Assistant Professor Anna Lvovsky ’13, who joined the HLS faculty in 2017, always planned to teach. A legal historian—she holds a Ph.D. from Harvard—with a focus on the administration of criminal justice, she teaches a seminar on the history of policing in the U.S. as well as courses on evidence and criminal law that invite students to focus on the systemic effects of seemingly neutral legal rules.

In her research, Lvovsky has explored the history of law enforcement against gay communities in the United States. Her forthcoming book, “Queer Expertise: Urban Policing and the Discovery of the Gay World, 1920-1970,” includes a history of the enforcement of liquor codes against gay bars, the use of undercover decoys to entice solicitations and the clandestine surveillance of public spaces to enforce felony statutes. The book traces the political struggles inspired by the vice squads’ campaigns among the different arms of the criminal justice system, as well as how shifting public understandings of gay men shaped the police’s enforcement operations.

Lvovsky is interested in how courts came to give police “a great deal of leeway” in enforcing criminal law.

In that sense, the book is part of a broader series of projects examining the role of expertise—especially police expertise—within the criminal justice system. In her previous work, Lvovsky examined how and why courts began deferring to police officers as experts in the mid-20th century, beginning with their role as expert witnesses at trial and expanding to Fourth Amendment suppression hearings and cases disputing the constitutionality of criminal statutes.

“I’m interested in how judges developed their understanding of police knowledge,” says Lvovsky. Her work traces that story to the police reform movements of the 1950s and 1960s, which expanded police training programs and lobbied for the recognition of officers as professionals, both inside and outside the courts. Her work also examines how judges’ interactions with police officers in a variety of contexts—including at trainings and conferences, criminal trials, and suppression hearings—collectively shaped their impressions of police knowledge.

“Those different points of encounter created a variety of inadvertent pressures toward deference,” Lvovsky says, ultimately leading the courts to give officers “a great deal of leeway” in enforcing the criminal law. “Part of my focus is the extent to which judges’ presumption of police expertise has expanded police power on the ground. More than just bolstering individual arrests, it’s led courts to uphold criminal statutes that would otherwise have been invalidated.”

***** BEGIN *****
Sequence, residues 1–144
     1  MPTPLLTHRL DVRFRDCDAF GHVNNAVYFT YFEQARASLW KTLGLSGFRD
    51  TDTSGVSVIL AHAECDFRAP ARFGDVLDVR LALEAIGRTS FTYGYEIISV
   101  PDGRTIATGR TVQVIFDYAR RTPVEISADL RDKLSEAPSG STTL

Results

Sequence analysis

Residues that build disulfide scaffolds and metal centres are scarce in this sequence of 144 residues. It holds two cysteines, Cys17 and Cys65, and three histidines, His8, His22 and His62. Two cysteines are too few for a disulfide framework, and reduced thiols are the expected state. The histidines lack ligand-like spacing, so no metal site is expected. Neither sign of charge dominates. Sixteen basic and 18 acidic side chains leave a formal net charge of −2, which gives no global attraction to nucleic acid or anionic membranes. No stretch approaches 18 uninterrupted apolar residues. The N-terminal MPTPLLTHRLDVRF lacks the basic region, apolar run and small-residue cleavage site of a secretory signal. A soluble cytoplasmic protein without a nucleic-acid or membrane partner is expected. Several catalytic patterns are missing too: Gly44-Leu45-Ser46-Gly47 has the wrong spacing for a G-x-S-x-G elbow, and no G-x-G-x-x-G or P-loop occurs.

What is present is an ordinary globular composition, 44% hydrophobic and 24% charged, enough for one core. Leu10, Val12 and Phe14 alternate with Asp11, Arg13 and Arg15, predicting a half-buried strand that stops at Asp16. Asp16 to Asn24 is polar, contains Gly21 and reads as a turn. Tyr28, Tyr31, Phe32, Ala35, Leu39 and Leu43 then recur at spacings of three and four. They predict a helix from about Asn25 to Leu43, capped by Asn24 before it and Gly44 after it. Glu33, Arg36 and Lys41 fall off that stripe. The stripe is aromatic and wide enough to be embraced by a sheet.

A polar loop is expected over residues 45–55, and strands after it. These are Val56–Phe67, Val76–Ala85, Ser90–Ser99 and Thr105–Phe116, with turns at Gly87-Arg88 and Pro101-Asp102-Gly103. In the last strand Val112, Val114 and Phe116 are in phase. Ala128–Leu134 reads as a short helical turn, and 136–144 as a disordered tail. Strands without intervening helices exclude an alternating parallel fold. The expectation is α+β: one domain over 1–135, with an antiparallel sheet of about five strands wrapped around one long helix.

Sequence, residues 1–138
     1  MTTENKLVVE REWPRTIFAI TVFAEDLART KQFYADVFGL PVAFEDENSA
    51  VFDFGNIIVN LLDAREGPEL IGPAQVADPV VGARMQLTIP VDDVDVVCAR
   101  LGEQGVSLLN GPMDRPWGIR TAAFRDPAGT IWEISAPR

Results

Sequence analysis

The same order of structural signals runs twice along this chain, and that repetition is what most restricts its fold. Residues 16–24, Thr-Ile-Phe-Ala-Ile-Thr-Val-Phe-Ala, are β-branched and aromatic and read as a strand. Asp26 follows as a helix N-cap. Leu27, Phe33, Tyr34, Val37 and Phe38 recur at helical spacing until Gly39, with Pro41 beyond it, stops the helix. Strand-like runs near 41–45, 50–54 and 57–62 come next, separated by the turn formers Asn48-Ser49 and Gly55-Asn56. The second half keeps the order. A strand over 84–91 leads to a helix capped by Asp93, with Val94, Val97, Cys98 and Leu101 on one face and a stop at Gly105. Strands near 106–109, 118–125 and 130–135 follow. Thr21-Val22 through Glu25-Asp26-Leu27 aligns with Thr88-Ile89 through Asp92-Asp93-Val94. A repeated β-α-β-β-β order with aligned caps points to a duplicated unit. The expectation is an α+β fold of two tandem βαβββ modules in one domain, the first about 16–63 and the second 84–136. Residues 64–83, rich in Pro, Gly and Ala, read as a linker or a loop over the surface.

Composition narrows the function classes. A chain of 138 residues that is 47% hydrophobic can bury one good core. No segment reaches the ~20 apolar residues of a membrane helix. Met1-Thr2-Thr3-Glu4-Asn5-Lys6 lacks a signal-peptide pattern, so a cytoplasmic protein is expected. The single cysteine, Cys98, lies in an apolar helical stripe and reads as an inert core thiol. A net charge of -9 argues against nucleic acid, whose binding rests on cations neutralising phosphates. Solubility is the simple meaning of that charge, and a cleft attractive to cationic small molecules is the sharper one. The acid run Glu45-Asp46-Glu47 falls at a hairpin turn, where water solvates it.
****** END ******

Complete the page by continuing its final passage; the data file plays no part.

To the extent that we see growing concerns today about judicial deference to the police, it’s important to recognize how that deference arose and how deeply embedded it is in the system, she says: “The reason judges began deferring to police expertise is not simply because they felt political pressure to support law enforcement. It was also because of a range of perhaps underrecognized institutional pressures that put judges into the habit of seeing the police as experts.”

In a future book, Lvovsky plans to examine the inverse side of police expertise: contexts where law enforcement agents downplay their professional insights in court. In the 1960s, she notes, investigators who enforced liquor laws and anti-solicitation statutes often developed a fluency in the codes of gay culture. But in court, they often denied their knowledge of gay norms in order to counter defense attorneys’ claims that they had enticed defendants into criminal behavior. “My next interest,” she says, “is to see where that dynamic occurs today.”

Advising the next generation: Anna Lvovsky met with students as part of Notes & Comment at the Harvard Law School Library. During the sessions students get advice from faculty on developing their own scholarship. Lvovsky’s first book, “Queer Expertise: Urban Policing and the Discovery of the Gay World, 1920-1970,” is forthcoming from the University of Chicago Press.

Read more about HLS faculty who are making the case for criminal justice reform »